Supreme Court pass on transgender bathroom case frustrates conservatives

The Supreme Court took a pass Monday on a legal challenge over shared restrooms for transgender students at a Virginia high school, fueling frustration among right-tilting court-watchers eager for the conservative majority to resolve the intensifying legal clash over gender identity.

The court’s denial of certiorari allowed the lower court ruling to stand in favor of Gavin Grimm, a transgender male — a biological female identifying as a male — who sued the Gloucester County School Board for barring him from using the boys’ restroom, marking the third time the high court has refused to take up transgender access to public school facilities.

Josh Block, a senior staff attorney with the American Civil Liberties Union LGBTQ & HIV Project, said that in each of the cases, the appeals courts ruled in favor of transgender students seeking to use restrooms and other facilities based on their gender identity as opposed to their sex at birth.

“This an incredible victory for Gavin and for transgender students around the country,” Mr. Block said in a statement. “Our work is not yet done, and the ACLU is continuing to fight against anti-trans laws targeting trans youth in states around the country.”

Indeed, the court’s silence on gender identity discrimination since its 2020 decision in Bostock v. Clayton County, Georgia — which centered on employment — has created a legal void quickly being filled by conflicting rules from the Biden administration and red-state legislatures on transgender athletes and access to gender transition procedures and public facilities.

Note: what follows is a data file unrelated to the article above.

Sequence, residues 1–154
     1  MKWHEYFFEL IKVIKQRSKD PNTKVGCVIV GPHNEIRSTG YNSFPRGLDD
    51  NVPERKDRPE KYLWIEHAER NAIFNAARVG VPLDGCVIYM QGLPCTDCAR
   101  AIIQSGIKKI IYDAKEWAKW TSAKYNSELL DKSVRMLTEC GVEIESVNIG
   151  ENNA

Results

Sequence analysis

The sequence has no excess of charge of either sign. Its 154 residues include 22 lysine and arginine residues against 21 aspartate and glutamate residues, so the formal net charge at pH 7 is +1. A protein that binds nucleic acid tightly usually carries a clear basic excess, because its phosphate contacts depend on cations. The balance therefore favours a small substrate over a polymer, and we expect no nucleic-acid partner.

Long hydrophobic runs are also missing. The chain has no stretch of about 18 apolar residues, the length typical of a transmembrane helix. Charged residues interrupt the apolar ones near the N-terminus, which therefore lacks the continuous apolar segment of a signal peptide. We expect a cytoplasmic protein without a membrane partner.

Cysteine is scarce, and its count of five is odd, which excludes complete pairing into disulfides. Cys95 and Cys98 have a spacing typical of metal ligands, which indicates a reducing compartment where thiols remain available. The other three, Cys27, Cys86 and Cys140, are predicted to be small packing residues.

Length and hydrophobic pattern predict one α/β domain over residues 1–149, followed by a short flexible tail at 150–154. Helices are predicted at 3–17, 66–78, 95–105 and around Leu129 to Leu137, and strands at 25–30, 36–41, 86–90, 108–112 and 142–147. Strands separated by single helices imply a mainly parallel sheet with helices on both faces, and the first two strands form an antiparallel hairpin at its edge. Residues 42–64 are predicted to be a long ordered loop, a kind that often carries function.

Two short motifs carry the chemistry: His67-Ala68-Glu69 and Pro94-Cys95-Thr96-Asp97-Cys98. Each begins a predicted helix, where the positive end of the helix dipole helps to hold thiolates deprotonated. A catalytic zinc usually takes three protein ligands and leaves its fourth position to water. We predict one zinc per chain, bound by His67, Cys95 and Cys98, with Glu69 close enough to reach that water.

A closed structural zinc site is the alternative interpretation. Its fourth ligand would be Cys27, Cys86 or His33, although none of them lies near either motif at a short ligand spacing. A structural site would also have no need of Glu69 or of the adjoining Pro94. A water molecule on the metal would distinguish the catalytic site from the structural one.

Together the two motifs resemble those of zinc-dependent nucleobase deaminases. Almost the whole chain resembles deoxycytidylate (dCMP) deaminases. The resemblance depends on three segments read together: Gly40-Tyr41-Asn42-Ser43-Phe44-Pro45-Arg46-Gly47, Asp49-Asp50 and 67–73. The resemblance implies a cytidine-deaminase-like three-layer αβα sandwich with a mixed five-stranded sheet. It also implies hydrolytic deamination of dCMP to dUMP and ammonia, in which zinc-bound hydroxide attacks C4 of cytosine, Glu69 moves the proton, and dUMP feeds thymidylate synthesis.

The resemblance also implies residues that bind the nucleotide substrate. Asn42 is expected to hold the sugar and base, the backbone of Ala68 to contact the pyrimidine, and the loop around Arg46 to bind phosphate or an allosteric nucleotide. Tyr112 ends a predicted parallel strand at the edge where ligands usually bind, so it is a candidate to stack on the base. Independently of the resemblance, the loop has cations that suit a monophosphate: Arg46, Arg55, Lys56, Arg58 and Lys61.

“Clearly, there’s a huge split in the country,” said Emilie Kao, director of The Heritage Foundation’s DeVos Center for Religion & Civil Society. “There have been over 100 bills brought in the state legislatures to protect privacy, safety and fairness by using biological sex as the basis for policies in schools.”

Litigation has inevitably followed, leading legal analysts to agree that it’s not a matter of if the court will revisit the gender identity issue, but when.

“I’m somewhat optimistic that the court will take a case that raises the issue in the next year or so,” said Gail Heriot, a professor at the University of San Diego School of Law.

Mr. Grimm sued in June 2015 after the school board refused to let him use the boys’ facilities, instead offering him a private restroom, which he said was stigmatizing. 

The 4th U.S. Circuit Court of Appeals ruled in favor of Mr. Grimm, now 22, reasoning that the Supreme Court’s 2020 decision in Bostock justified striking down the Gloucester County school system’s policy. 

Critics countered that Justice Neil M. Gorsuch, who wrote the majority opinion in Bostock, specifically said the decision applied only to Title VII, not to “sex-segregated bathrooms, locker rooms, and dress codes.” He said the justices “do not prejudge any such question today.”

“[Gorsuch] said this only applies to Title VII on employment; this doesn’t apply to Title IX on bathrooms and sports, but obviously courts are applying it that way, the Biden administration is applying

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